PGA Professional Champions recall their greatest memories -- on and off the course

By PGA Magazine
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PGA Professional Champions recall their greatest memories -- on and off the course

From the June 2017 Issue of PGA Magazine

Winning the PGA Professional Championship can be a life-changing event, and is often a career pinnacle for those fortunate enough to have their names inscribed on the base of the Walter Hagen Cup. PGA Magazine asked this elite group of all 35 living past Champions to share memories of their victories – on and off the course – and describe the impact it had on their lives and careers.

“How I played was the most memorable to me during that week. I don’t think I’d ever shot four rounds under par in a tournament before. I’ve been notorious for giving up on my game during rounds, and to finally have some reserve to control myself and not let a bad swing control the rest of my round was very satisfying.” – Rich Berberian Jr., 2016 Champion

“I remember three-putting the last hole in regulation, but didn’t let it bother me. I figured, ‘You got a second chance.’ I headed to a playoff against Jim Ferree, where we each managed par on the first hole. I got up and down from the bunker and was complimented by Dow Finsterwald, who was watching the match. On the second playoff hole, a par 5, I knew I couldn’t reach it in two. I laid up over a bunker and hit it to about 15 feet from the hole. I made the putt, while Jim three-putted from 40 feet for par. Winning that Championship, it doesn’t get any better than that.” – John Gentile, 1978 Champion

“I had won with an asterisk in 2000. Weather abbreviated the Championship when lightning forced a 54-hole event and five-hole cumulative score playoff at Oak Tree Golf Club. Three years later at Twin Warriors Golf Club, I was seeking validation. The Championship is the biggest stage for PGA Professionals and it was the springboard to where I am now – a five-time winner on the European Senior Tour. The PGA Professional Championship is a great way to develop lifelong friendships, and it has just gotten better and better. That is a credit to the PGA and its sponsors for taking it to another level.” – Tim Thelen, 2000 and ’03 Champion

MORE: FAQs, historical nuggets from PGA Professional Championship

“I was traveling by myself that week. So as the tournament progressed, I thought a lot about winning a national Championship for my dad, who had passed unexpectedly a couple years prior. I also thought of how excited my girls were watching me win on TV. It meant a great deal to me to be the best playing PGA Club Professional in the country. It’s something that can’t be taken away, and will live in history forever.” – Mike Burke Jr., 1998 Champion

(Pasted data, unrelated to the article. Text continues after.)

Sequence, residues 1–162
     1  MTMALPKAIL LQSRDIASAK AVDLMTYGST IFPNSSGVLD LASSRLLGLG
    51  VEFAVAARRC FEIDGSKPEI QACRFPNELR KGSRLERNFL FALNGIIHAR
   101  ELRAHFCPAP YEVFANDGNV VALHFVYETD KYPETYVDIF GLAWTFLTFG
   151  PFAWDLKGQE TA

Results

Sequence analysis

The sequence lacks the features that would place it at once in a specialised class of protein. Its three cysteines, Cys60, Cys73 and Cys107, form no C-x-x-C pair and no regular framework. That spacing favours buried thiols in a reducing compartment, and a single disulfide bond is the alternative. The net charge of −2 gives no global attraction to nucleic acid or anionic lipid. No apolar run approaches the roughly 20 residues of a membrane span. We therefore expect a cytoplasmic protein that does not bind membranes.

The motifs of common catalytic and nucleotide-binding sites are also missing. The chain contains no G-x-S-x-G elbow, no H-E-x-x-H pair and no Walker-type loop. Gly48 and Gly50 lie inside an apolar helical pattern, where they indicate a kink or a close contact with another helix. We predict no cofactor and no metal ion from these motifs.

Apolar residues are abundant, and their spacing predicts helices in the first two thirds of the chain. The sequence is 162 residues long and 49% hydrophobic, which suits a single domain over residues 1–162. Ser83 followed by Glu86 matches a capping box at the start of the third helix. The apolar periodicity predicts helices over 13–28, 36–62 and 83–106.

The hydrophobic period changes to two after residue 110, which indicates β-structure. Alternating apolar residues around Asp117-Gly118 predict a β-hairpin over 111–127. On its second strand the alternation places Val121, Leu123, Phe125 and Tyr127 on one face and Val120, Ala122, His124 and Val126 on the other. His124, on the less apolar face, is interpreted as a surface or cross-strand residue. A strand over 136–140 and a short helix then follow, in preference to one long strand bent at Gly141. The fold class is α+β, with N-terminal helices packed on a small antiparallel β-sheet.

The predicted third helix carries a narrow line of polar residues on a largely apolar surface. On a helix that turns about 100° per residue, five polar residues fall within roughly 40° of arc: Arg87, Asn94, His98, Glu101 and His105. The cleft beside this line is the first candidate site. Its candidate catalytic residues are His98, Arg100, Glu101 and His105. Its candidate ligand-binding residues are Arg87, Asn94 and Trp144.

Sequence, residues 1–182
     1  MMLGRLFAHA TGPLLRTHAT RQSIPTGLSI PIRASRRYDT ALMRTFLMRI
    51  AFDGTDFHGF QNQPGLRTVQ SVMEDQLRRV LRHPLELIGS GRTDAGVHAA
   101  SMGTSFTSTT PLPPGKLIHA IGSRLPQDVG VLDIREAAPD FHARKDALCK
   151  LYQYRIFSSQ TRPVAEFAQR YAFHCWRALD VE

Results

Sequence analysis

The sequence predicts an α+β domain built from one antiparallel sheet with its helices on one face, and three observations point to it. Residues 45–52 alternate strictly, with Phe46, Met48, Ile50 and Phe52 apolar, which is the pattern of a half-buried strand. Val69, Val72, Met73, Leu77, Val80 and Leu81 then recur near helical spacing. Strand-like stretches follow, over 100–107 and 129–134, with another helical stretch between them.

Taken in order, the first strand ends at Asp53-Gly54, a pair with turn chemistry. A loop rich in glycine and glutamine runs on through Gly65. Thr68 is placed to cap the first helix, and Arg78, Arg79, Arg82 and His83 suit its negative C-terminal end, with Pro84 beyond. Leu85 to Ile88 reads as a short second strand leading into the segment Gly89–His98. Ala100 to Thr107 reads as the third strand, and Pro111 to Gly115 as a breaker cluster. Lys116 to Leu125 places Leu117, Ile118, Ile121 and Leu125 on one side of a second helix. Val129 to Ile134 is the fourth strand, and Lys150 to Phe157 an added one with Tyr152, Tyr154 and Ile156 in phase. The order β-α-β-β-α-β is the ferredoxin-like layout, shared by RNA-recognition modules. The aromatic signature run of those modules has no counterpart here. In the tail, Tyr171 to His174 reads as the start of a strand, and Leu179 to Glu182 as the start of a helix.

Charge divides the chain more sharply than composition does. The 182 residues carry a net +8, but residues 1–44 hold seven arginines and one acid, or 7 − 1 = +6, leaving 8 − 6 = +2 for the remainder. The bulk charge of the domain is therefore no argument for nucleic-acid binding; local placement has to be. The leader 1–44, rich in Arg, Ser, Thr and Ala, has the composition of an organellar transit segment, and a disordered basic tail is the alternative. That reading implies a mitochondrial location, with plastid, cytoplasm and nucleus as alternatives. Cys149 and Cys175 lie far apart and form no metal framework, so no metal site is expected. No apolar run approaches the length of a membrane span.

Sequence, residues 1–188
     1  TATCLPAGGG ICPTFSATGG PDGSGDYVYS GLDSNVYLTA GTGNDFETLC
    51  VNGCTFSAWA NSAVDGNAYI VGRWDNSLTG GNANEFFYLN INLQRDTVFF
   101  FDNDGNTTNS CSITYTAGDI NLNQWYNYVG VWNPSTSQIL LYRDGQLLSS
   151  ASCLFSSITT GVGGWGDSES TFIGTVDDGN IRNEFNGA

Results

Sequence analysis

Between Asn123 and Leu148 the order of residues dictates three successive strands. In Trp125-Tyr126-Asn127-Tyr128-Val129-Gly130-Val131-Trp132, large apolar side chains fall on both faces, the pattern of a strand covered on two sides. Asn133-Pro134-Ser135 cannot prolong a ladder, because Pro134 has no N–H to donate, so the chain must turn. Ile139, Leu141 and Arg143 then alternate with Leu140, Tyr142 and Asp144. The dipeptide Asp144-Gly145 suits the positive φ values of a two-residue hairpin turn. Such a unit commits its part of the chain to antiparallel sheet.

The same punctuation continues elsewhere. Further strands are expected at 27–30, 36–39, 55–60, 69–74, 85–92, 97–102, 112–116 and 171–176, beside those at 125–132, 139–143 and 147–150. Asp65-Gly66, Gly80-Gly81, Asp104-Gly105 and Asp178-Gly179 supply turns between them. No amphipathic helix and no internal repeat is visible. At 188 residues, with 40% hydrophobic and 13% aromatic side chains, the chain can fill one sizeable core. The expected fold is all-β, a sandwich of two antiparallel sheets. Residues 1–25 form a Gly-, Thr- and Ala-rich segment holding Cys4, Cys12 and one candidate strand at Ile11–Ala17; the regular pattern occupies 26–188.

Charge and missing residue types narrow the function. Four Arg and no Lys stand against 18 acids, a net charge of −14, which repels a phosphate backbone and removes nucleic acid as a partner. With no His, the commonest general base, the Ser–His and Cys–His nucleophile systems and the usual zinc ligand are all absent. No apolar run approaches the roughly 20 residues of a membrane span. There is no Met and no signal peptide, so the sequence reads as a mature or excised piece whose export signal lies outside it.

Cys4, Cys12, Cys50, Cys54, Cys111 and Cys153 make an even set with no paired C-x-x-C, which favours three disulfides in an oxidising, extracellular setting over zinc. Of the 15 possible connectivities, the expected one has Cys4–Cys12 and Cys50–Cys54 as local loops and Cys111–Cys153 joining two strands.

“Over the past few years, the PGA Professional Championship has been very good to me. I do everything I can to make sure I’m playing my absolute best golf in the middle of June. When I won at Sunriver in 2013, it was great to have my family there with me on the 18th green as I finished. Having my wife, Jaclyn, and our two kids, Vanessa and Carson, there was the absolute highlight of my playing career. It wouldn’t have been complete without them.” – Rod Perry, 2013 Champion

“One credit (for my win at Pinehurst in 1974) goes to Rives McBee, who said a year earlier that no PGA Club Professional without extensive tour experience has won this Championship. That inspired me and I appreciated the encouragement. The following year in Pine Mountain, Georgia, on the night before the final round, I heard Bob Toski predict in a restaurant that I would win. I am in life a problem-solver, and I’m inspired by challenges.” – Roger Watson, 1974–75 Champion

“I have so many great memories from the PGA Professional Championship. I remember getting a big hug from PGA Past President Allen Wronowski’s wife, Gail, before I hit my tee ball in the first round the year I won at Sunriver (2007). That tradition has stayed in place whenever she is present. This will be my fourth visit to this event at Sunriver. My family and I have many wonderful memories. I remember my oldest girl, Kalley, catching her first fish when we went boating one afternoon at Sunriver Resort. We all went hiking in the lava tubes, horseback riding, biking and adventuring on Mount Bachelor, to name a few. Each and every moment is a treasure, and we are forever grateful.” – Chip Sullivan, 2007 Champion

“I remember playing two rounds of the Championship with Tommy Bolt. I was working at Beechwood Country Club in Cleveland, and had been playing pretty well heading into the Championship. During the round, I knocked a wedge to within eight inches, but found a heel print right around the hole. I was fortunate that it wasn’t a longer putt, and I got it in. I remember the greens were so grainy. It was a real pleasing win for me. You can always remember those that you win.” – Rex Baxter Jr., 1970 Champion